Game of Life, by Anne Kadet

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From an interview with Marcel, a chess player in New York City’s Washington Square Park, published in April on CAFÉ ANNE, Kadet’s website.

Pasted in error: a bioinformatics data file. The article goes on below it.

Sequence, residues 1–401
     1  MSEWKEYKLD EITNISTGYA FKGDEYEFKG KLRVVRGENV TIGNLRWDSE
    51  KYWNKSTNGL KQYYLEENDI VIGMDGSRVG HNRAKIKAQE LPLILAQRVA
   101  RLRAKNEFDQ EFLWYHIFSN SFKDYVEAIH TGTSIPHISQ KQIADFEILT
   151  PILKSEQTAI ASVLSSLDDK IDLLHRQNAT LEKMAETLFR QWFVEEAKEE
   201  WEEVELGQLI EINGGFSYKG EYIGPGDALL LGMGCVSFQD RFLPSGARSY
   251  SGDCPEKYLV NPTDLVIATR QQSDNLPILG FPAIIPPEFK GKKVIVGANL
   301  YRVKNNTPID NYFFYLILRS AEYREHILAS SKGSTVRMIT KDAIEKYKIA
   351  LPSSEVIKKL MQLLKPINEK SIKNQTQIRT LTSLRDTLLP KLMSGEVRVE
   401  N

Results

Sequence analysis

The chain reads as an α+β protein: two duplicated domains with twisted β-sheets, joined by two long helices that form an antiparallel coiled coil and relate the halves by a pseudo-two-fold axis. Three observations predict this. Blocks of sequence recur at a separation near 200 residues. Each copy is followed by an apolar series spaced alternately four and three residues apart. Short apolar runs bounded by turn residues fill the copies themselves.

This game has cost me a couple of relationships. My girlfriend said, “It’s either me or the chess pieces, Marcel.” So I looked at her, I looked at my chess pieces, I looked at her again. And the more I looked at her, the more I could see how toxic she was. The more I looked at my chess pieces, I could see lots of solitude. I said, “You know what? I’ll talk to you later.” I picked up my pieces, I left. I let a lot of frustration out on the chessboard. Because it’s like life. It’s got three parts. The opening, the middle, and the end. The opening part of your life goes from the time you were born until you’re twenty-six. In the opening part, you want to develop as much as possible. You want to go to school, start a career. Then you go from the opening to the middle. You want to work in your career maybe thirty years, get married, have kids. And then the end game is from age fifty on down. You say, “I’m not worried about nothing now. I’m coming to the park to play chess, drink some brandy, I’m going to talk to Raul or to Pedro.” That’s how chess is. That’s how life is. And let me tell you something: people make mistakes early in their life. But that doesn’t mean the game is over.


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